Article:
Has it been 17 years already? It seems like just yesterday when a couple of us here at American Police Officers Alliance stood with families overlooking the burning ruins of the World Trade Center from a New Jersey overlook. We didn’t know yet how many of our brothers in arms died that day, but we felt the growing pain in our stomachs while we watched and prayed.
That pain subsided over time as we celebrated their lives as heroes and regularly visited the 9/11 Memorial to find our brother’s names etched forever in history. Names of those who died on that fateful day like New York Police Department Sergeant Rodney C. Gillis or Port Authority Captain Kathy Mazza, who saved numerous lives as a result of their actions. We often think about their families as this day approaches.
But it wasn’t just the officers and first responders who died on 9/11, but all those that followed as a result of illnesses like cancer or respiratory diseases that prolonged their deaths over the years. The illnesses they couldn’t have predicted but would have endured anyway to help any way they could.
So many officers to remember. The total of which includes one officer who was killed when United Flight 93 crashed into a field in Shanksville, Pennsylvania as he and other passengers attempted to regain control of the plane from the hijackers. 71 officers killed when the two World Trade Center buildings collapsed in New York City. Dozens more passed away in the years following 2001 as the direct result of the illnesses noted while working in the hazardous conditions immediately following the attacks in New York.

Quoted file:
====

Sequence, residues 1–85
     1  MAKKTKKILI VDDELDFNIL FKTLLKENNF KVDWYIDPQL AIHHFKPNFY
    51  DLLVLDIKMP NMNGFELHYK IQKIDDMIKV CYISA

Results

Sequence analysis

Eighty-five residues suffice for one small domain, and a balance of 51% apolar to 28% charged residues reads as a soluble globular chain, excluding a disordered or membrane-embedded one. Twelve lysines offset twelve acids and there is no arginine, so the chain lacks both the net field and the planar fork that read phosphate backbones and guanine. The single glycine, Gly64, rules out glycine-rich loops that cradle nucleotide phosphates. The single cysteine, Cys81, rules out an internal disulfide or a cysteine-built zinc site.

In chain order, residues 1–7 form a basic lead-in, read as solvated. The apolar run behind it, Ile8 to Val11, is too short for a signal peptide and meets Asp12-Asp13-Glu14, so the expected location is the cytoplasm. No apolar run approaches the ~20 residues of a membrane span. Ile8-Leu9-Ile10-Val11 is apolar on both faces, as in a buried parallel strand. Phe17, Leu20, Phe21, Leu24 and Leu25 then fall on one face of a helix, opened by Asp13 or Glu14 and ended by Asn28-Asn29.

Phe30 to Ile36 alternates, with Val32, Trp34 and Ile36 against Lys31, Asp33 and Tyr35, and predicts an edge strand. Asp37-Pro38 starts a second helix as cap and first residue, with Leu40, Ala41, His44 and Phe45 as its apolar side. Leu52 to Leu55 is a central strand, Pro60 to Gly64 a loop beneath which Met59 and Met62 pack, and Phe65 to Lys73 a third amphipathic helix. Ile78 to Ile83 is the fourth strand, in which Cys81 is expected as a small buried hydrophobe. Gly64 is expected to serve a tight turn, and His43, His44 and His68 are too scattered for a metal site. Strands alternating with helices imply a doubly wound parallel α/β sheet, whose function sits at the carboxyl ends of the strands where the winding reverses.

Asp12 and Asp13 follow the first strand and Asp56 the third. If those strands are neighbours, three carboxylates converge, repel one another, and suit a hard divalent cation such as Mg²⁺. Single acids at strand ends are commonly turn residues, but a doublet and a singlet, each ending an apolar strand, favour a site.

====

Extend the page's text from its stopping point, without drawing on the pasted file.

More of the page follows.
Paying Tribute on 9/11
We ask those of you reading this commemorate with us, in public or in private watching TV or praying for our fallen brothers during your commutes. Because remembering is everything. We can never let this day pass because it marks the day the world changed in so many ways. In the way the country engaged abroad in the fight against terrorism, and here at home when the Bush Administration created the Homeland Security Department, how police across America became a front line against terror on our soil and how airport security became a focus for law enforcement seeking to ensure our people were safe every day.
We may focus on politics often, especially during this heated election season in this divided America. But 9/11 is a day to put all politics and differences aside and stand together to remember what makes us a great nation. Because during those tumultuous times and in the days and years after 9/11 this nation stood together in unity. For one day we need to do the same to honor those who gave their lives in heroism.
Commemorate with us
There are numerous services happening across America. President Trump and his wife Melania are attending the services in Pennsylvania for those nearby. And of course the events at the 9/11 Memorial and those at The Pentagon which will also be televised nationally. The Twin Lights will again grace the skies above Manhattan and they are a sight to see if you live in the TriState area.
For more details on events and memorials please visit the 9/11 Memorial Page for what is being shared online.
Also, All of our brothers names and bios have been listed in memoriam on the Officer Down Memorial page.
Please remember. For our fallen officers and first responders gave the ultimate sacrifice that day for us.